Enhanced funds for protection and rehabilitation of child workers and children in difficult circumstances such as street children, trafficked children. NGOs and community groups should be encouraged to provide ward wise update on status and data base on child labour in Mumbai.
Social security and social protection for women in the informal sector, Small Scale Industries, FTZs, EPZs, SEZs Construction workers, rag pickers, scavengers, food-processing industries, sweat shops and garment industry. Budgetary allocation for implementation of Unorganized Sector Social Security and Social Protection Act, 2008 is imperative.
Vocational Training Institutions must be provided to impart women skills in non-conventional areas so that they can get employment as taxi/bus drivers, plumbers, fitters, turners, electricians, carpenters, cobblers, so on and so forth.
Ensure access to information, finance, training and marketing for women entrepreneurs, SHGs, vendors and self employed women. Women entrepreneurs and traders must be given priority while allotting shops by public sector corporations and local government.
Budget for Crèche facilities, working women’s hostels and short stay homes must be enhanced many folds.
For making India disabled friendly a detailed data base must be prepared on types of disability and number of people who are physically challenged.
Construct night shelters with toilets and baths for homeless women and girls with the help of centrally sponsored schemes as well as state financial allocation.
Community based half way homes, working women’s hostels and multi-purpose activity center to meet variety of needs of women and girls. Half way homes and counselling centers must be created to address problems faced by elderly women and women who are physically challenged.
Support in the area of education, health; housing and skill development must be provided to women headed households (FHHs)
Generate Gender Disaggregated Data to address strategic gender needs and practical gender needs of women in Mumbai.
Affirmative action to protect interests of women in difficult circumstances such as child prostitutes, homeless women, street girls, abducted girls, child brides, women suffering from HIV/AIDS, single women and elderly women.
Safe transport in terms of women special buses and local trains
Well maintained Public toilets for women.
Considering women’s central role to the care economy, and the large numbers of women in unpaid work, policies need to focus on social services to support women’s care roles (old age, child care) and adequate resource allocations need to be made to support them.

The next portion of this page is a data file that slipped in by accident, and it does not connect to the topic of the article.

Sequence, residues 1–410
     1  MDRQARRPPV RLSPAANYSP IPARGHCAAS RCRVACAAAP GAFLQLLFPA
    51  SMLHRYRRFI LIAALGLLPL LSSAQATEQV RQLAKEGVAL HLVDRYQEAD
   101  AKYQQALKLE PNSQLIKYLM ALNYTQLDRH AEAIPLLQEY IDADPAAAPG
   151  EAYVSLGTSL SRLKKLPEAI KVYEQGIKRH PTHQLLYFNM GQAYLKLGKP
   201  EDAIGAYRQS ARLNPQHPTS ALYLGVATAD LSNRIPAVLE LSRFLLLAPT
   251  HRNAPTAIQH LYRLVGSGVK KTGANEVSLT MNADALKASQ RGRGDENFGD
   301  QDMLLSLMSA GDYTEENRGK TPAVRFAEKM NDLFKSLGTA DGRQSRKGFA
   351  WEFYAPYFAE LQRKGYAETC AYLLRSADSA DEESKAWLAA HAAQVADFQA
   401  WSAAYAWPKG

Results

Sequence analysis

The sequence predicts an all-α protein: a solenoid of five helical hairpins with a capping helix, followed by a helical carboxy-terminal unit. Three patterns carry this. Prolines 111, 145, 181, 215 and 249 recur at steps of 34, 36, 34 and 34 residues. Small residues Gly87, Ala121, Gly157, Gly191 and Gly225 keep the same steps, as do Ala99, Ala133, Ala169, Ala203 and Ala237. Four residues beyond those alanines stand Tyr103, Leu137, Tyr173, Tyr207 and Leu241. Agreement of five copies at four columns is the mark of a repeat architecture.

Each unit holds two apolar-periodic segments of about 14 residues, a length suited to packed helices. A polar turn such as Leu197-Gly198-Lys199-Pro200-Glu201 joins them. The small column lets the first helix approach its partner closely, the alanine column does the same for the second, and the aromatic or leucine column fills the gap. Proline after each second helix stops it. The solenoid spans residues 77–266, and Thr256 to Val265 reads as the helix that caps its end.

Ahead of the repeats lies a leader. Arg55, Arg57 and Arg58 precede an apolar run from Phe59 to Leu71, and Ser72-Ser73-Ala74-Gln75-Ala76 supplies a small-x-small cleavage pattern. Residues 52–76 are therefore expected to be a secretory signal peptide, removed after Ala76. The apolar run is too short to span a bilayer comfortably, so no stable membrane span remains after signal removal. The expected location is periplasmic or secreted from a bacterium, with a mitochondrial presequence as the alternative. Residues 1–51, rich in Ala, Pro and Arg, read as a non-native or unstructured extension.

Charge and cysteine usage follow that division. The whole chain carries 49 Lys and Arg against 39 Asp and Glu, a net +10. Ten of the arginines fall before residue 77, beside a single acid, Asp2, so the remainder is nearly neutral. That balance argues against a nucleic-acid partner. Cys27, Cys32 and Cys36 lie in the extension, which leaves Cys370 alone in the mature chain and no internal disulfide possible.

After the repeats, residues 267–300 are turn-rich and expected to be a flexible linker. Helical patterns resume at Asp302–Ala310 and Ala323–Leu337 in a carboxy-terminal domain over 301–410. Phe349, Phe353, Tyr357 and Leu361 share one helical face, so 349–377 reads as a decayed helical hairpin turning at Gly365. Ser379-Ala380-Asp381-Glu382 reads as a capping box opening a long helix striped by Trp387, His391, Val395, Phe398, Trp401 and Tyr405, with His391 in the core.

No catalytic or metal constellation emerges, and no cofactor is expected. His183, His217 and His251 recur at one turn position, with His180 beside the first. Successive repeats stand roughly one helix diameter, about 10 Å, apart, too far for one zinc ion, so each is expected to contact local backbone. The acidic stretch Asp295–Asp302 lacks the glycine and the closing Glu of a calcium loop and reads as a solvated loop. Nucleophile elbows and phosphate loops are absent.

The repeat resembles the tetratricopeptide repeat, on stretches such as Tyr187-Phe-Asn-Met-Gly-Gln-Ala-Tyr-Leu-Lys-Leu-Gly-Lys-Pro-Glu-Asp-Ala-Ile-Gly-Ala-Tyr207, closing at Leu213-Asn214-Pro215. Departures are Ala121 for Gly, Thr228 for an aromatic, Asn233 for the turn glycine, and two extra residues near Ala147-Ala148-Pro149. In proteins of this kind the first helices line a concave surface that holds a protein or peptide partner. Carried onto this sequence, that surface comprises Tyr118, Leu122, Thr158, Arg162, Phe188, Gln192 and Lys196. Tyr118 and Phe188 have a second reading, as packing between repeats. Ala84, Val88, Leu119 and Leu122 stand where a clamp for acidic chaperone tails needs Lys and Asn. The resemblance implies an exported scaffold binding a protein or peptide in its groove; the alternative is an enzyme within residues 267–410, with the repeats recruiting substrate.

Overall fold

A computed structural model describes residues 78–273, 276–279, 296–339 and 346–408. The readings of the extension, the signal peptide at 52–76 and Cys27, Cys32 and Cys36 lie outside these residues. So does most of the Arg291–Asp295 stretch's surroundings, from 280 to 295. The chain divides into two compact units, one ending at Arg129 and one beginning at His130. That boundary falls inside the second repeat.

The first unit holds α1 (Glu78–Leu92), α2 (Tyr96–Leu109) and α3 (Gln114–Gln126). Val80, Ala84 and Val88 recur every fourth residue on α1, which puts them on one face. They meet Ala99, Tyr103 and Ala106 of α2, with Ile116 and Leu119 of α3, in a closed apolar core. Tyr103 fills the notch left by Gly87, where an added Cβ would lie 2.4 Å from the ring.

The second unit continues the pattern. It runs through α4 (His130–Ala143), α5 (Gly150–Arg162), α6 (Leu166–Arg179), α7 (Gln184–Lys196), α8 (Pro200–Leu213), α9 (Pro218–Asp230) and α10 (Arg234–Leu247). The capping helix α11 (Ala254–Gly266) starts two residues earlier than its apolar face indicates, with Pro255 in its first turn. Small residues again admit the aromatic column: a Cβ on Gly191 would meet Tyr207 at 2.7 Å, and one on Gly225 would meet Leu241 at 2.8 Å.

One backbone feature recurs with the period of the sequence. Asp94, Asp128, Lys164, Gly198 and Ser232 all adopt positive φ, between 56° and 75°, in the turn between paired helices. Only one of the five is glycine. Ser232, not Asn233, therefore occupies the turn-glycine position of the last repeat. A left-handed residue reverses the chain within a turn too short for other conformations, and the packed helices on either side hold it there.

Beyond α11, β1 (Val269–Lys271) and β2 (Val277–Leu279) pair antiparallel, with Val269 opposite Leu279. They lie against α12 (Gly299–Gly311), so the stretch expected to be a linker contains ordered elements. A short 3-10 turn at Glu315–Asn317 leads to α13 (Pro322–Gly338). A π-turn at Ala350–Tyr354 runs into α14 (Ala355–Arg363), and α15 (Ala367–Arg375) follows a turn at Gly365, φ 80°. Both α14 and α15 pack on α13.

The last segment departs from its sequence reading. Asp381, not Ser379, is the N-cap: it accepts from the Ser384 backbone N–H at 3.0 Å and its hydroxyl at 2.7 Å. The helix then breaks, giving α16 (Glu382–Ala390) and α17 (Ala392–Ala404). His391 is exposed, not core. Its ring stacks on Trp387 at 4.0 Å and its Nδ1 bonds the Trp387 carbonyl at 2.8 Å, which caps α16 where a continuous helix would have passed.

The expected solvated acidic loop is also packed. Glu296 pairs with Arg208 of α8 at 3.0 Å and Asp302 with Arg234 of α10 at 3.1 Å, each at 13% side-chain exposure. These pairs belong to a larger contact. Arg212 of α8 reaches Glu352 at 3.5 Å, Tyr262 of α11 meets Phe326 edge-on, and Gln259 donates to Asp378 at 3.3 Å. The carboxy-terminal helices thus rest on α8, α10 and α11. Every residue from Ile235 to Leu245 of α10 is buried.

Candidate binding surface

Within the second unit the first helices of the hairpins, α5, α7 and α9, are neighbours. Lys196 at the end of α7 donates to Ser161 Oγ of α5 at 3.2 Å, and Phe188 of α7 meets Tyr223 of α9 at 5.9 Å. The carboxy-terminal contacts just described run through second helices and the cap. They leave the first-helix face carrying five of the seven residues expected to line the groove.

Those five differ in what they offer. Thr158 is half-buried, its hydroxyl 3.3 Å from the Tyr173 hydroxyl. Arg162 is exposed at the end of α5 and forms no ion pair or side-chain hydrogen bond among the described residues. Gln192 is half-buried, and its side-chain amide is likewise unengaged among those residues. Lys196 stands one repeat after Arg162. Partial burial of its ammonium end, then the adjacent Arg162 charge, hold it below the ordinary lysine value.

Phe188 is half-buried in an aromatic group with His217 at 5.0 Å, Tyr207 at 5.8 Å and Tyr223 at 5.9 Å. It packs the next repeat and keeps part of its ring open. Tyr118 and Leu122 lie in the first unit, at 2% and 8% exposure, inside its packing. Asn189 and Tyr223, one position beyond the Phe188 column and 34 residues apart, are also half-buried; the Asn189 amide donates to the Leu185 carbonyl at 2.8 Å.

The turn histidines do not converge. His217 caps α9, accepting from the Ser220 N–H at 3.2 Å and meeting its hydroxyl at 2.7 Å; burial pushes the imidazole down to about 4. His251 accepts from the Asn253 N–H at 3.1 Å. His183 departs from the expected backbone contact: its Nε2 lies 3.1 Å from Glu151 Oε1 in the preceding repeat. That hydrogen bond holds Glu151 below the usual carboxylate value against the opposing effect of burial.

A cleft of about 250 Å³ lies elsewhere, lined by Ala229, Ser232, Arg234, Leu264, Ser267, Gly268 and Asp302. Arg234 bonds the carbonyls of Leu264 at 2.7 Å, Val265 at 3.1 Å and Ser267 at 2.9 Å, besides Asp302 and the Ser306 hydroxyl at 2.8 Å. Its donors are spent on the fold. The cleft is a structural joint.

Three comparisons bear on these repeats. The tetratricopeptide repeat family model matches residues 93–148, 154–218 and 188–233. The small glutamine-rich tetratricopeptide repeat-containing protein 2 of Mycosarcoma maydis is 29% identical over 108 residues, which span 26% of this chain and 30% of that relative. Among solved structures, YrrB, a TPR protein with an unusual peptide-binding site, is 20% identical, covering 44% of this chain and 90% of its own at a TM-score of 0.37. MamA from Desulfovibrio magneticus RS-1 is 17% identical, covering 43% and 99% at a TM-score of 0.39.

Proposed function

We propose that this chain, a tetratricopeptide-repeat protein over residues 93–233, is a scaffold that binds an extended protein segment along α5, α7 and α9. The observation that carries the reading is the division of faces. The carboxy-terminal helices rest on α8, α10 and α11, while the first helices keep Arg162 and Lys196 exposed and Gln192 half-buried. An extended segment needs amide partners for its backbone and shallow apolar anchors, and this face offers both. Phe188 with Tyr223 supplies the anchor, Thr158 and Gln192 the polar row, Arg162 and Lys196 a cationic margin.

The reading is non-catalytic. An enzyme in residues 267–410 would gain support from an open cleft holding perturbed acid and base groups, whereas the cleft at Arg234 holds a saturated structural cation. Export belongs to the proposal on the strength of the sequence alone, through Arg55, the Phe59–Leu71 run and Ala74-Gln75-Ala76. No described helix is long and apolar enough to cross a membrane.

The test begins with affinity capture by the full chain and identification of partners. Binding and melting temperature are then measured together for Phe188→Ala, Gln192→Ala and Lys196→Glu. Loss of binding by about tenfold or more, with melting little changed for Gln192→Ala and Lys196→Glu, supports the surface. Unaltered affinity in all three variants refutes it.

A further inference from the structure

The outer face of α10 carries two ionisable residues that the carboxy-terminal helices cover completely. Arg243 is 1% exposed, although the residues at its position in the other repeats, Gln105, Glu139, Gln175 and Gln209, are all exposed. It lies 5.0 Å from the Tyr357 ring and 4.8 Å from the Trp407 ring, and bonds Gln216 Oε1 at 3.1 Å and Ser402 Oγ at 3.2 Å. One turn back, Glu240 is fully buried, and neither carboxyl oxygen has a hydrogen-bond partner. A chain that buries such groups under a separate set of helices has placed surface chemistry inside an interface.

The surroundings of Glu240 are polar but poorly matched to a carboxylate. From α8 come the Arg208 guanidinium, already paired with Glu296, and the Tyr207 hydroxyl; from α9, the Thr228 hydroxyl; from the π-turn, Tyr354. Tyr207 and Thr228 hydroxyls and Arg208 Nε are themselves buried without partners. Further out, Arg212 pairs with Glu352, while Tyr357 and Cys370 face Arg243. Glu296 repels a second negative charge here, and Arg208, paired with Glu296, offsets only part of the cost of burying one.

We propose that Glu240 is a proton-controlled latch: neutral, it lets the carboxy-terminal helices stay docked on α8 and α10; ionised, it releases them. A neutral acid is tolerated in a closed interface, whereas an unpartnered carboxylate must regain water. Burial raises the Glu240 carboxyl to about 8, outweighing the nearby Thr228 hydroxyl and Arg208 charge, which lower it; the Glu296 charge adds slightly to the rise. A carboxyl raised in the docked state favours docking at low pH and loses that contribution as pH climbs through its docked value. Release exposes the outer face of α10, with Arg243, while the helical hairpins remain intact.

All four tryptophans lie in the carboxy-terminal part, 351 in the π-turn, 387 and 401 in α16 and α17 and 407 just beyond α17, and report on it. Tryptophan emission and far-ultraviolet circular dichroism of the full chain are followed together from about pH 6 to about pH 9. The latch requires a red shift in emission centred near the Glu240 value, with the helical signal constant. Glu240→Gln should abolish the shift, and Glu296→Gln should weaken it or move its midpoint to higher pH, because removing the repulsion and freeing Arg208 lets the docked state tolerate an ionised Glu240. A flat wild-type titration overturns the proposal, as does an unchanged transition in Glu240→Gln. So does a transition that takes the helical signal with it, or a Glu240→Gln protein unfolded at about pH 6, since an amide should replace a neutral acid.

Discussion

In the light of the present agrarian crisis and food insecurity the vulnerability of women farmers in particular needs attention. Women’s access to land needs to be strengthened immediately considering the huge gender disparities in land ownership patterns. This could be done by;
(a) Improving women’s claims to family land (b) Improving access to public land by ensuring that all land transfers for poverty alleviation, resettlement schemes, etc., recognize women’s claims (c) Improving women’s access to land via market through provision of subsidized credit to poor and by encouraging group formation for land purchase or lease by poor women.
Women’s rights organizations in India have demanded that the Government should ensure adequate gender budgeting in all ministries and departments, enact a comprehensive Food Security Bill, ensure universal PDS as a core component, allocate 6% of GDP for Health, allocate 6% of GDP for Education, make budgetary allocation to cover special schemes for women workers, increase allocation for women farmers, enhance resource allocation for tribal, dalit, and minority women and increase budgetary support for schemes to assist women-headed households and differently abled women.
In the absence of sex disaggregated data, evaluation of schemes through a gender lens or any effort at strengthening gender dimensions of existing schemes poses a big question. So, provision of such data should be prioritized.
The target of 30% gender allocations under all ministries has not yet been achieved. This must be implemented immediately. There is a crying need for a gender audit and gender outcome appraisal of all ministries and departments at the central and state levels. Very often, resource allocations made under gender budgeting do not reach in time and they remain unspent. There should be proper monitoring and supervision of the allocated funds with greater transparency and accountability at all levels.
Vibhuti Patel is active in the women’s movement in India since 1972 and currently teaching at SNDT women’s University, Mumbai.